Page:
13. 13. 13 Sub-pixel Precision in H.264, H.265, VP9 & AV1 VP9 sub-pel precision ¼ for luma and ⅛ for chroma respectively (if 4:2:0(. The interpolation filters for generating sub-pel data can be adaptively chosen at frame-level, available filters kernels: Normal Smooth - slightly smooths or blurs the prediction block Sharp - slightly sharpens the prediction block. Interpolation filtering is pipelined: firstly a corresponding horizontal filter is used to build up a temporary array, and then at the second stage this array is vertically filtered to obtain the final prediction. Note: important advantage of HEVC over VP9 is a separation of filters for half and quarter pel (can be realized in stages, friendly for HW(.
  14. 14. 14 Sub-pixel Precision in H.264, H.265, VP9 & AV1 AV1 sub-pel precision Up-to 1/8-pel sub-pel precision for luma (1/8 and 1/16 precision for chroma respectively due to 4:2:0(, the precision level is specified at frame level. There are four interpolation kernels (up to 8 taps(, filter can be block- level adaptive: EIGHTTAP, EIGHTTAP_SMOOTH, EIGHTTAP_SHARP, BILINEAR Each filter is separable (i.e. filtering process is pipelined(: firstly horizontal filtering is performed and then vertical filtering. Interpolation filter can be fixed within a frame, in such case one of four kernels is selected at frame header. Interpolation filter can be switchable at block-level There is a special mode - dual filtering, where kernel for each direction can be different. Justification for dual filtering - signals can possess distinctive statistics in vertical and horizontal directions.
  15. 15. 15 Use Case: HEVC/H.265 Motion Estimation Details  Variable inter-prediction block sizes – from 8x8 to 64x64, including non-square sizes like 32x16 (actually 4x8 and 8x4 blocks are also permitted with some constraints(.  Chroma block sizes mimic luma, for 4:2:0 case with the scaling factor 1/2 (although for small luma blocks the scaling factor is 1(.  Bi-directional prediction: two prediction blocks from previous and future pictures are mixed (averaged( to produce the final prediction signal (it’s a kind of interpolation(.  weighted prediction (e.g. to compensate fading(.  Sub-pixel precision: up to 1/4-th for luma and up to 1/8 for chroma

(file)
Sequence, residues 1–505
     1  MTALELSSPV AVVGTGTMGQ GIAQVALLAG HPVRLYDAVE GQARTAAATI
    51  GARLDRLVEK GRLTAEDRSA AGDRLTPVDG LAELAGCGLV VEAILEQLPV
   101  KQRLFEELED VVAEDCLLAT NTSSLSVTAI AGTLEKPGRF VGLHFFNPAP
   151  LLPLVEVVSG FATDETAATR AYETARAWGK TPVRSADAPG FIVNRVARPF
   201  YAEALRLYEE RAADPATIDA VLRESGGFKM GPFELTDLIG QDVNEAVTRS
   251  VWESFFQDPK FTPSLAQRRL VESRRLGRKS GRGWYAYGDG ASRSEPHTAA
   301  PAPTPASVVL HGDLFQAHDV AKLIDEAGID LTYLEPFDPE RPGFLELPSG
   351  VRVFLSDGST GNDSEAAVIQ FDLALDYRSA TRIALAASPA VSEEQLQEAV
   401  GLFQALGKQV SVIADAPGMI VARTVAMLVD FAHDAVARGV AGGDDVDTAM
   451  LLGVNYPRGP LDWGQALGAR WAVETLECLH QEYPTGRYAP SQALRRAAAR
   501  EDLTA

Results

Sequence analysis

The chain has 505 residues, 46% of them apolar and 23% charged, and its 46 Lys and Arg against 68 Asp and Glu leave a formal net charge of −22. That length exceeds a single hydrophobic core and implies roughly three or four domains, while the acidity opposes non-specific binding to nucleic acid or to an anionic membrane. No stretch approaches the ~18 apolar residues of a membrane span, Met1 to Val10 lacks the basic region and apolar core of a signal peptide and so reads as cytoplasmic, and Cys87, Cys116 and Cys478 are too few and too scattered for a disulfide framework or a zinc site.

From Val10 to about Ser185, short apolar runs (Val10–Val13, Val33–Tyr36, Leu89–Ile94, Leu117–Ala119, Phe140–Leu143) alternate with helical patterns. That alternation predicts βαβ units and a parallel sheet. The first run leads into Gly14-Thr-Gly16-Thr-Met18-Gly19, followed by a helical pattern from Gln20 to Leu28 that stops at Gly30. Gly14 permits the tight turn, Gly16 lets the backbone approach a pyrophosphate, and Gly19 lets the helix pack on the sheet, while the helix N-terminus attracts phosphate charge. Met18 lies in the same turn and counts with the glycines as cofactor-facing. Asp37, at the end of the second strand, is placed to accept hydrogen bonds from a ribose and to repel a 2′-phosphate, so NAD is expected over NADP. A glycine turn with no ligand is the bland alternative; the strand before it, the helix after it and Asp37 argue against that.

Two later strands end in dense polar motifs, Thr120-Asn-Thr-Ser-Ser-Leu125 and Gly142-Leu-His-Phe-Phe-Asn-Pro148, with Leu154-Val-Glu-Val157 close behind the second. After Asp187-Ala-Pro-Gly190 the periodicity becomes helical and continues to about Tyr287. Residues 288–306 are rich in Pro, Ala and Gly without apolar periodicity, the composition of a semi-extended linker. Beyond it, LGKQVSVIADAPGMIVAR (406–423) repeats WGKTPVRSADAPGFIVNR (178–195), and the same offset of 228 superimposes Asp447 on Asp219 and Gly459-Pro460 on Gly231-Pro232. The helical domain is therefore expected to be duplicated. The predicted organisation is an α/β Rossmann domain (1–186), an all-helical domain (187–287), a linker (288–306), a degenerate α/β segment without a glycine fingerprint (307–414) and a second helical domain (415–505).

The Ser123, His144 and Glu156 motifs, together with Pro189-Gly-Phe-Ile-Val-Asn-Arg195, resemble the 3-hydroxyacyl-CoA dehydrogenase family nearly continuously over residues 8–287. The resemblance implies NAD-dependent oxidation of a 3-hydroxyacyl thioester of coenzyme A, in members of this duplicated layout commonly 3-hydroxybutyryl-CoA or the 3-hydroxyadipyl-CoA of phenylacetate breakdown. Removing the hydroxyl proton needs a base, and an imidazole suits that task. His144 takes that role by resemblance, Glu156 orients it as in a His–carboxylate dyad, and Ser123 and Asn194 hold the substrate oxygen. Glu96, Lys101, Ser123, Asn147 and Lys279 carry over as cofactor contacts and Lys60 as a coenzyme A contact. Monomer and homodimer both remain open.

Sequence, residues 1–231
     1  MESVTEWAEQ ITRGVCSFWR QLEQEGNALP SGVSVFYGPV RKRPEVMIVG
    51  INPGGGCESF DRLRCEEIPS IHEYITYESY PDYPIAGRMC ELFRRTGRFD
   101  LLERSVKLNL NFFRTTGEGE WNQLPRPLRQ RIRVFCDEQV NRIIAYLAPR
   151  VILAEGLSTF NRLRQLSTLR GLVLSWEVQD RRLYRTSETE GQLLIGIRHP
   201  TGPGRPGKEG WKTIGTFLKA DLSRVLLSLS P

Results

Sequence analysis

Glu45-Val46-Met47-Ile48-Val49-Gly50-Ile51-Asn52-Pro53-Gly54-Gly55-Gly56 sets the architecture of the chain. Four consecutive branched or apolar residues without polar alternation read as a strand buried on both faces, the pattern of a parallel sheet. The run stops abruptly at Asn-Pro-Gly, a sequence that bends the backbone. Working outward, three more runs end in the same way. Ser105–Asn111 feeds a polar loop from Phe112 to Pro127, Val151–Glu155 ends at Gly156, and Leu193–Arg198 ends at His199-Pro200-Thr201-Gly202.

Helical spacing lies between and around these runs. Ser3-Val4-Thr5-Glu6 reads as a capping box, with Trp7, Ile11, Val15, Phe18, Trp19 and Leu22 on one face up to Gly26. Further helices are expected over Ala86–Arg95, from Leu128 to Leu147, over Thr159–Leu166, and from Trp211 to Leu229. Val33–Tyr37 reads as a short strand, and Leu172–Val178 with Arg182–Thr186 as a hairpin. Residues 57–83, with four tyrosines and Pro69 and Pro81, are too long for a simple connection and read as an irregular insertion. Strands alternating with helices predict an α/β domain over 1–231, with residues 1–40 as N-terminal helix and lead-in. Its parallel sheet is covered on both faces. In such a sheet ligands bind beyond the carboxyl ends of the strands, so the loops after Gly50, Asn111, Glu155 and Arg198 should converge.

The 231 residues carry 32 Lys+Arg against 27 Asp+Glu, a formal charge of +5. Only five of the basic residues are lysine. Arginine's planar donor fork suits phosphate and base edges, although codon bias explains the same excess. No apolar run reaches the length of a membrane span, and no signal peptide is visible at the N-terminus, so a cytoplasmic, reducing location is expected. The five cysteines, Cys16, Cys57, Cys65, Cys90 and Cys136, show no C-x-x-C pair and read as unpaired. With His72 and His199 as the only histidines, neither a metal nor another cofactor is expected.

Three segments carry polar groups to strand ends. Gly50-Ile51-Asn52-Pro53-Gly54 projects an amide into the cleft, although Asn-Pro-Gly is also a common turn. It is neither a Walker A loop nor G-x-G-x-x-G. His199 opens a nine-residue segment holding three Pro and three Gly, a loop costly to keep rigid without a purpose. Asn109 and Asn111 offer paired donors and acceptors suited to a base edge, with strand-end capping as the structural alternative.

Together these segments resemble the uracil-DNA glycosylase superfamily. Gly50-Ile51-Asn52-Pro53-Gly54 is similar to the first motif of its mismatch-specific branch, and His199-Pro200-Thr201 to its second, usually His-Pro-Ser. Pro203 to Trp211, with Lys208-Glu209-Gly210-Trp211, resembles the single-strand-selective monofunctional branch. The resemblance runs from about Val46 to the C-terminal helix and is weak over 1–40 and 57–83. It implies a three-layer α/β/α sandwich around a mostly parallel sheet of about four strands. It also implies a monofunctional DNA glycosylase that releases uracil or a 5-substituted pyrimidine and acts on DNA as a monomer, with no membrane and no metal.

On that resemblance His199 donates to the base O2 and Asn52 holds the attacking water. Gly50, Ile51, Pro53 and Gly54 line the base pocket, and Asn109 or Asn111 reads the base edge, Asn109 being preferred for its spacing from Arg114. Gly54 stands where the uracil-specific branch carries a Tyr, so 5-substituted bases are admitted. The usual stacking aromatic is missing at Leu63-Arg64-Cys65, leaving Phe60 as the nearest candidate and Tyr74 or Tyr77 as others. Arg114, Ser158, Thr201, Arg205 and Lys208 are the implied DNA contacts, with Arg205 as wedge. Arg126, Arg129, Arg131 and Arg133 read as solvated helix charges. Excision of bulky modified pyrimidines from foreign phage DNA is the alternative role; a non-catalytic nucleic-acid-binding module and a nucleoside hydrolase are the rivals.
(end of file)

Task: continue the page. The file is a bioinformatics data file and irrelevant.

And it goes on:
16. 16. 16 Weighted Prediction in HEVC/H.265 Fwd Ref Horizont al Filter Vertical Filter << 6 << 2 8bits per pixel 10bits per pix Bwd Ref Horizont al Filter Vertical Filter << 6 << 2 8bits per pixel 10bits per pix Merge Predicted signal
  17. 17. 17 AV1 Motion Estimation Details  AV1 supports Global Motion mode which is divided into the following categories: Translation (panning video) Rotation Zoom Affine (suitable for 3D motion)  AV1 supports OBMC (Overlapped Block Motion Compensation)  AV1 supports Warped motion per superblock Examples: In case of translation a global Motion Vector is applied for the whole frame. In case of Zoom and Rotation Motion Vector is depending on block location
  18. 18. 18 AV1 Motion Estimation Details – General Idea of OBMC Justification of OBMC - MV is most reliable in the center of the block (where prediction errors tend to be smaller than those at the corners). For a block it’s better to assign several MVs (its own and nearby blocks) and to blend reference samples: Block MV0 MV1 MV2 MV3 r c
  19. 19. 19 AV1 Motion Estimation Details – Technical Details of OBMC In AV1 OBMC predicted block is associated with a single vector MV0 corresponding to the block’s center while corner MVs are taken from causal (already decoded) neighbors. Blending is executed in two separable stages: firstly according to vertical direction and then according to horizontal direction (the filter coefficients are pre-defined in the AV1 spec.) shadow of block2 Block 1 block2 MV1 MV2 shadowofBlock1 MV0 Get prediction samples according to MV0 Get prediction samples for overlap area of block1 according to MV1 Get prediction samples for overlap area of block2 according to MV2 block3 block4 Shadow of block3 Shadow of4 MV3 MV4 Get prediction samples for overlap area of block3 according to MV3 Get prediction samples for overlap area of block4 according to MV4 blending blending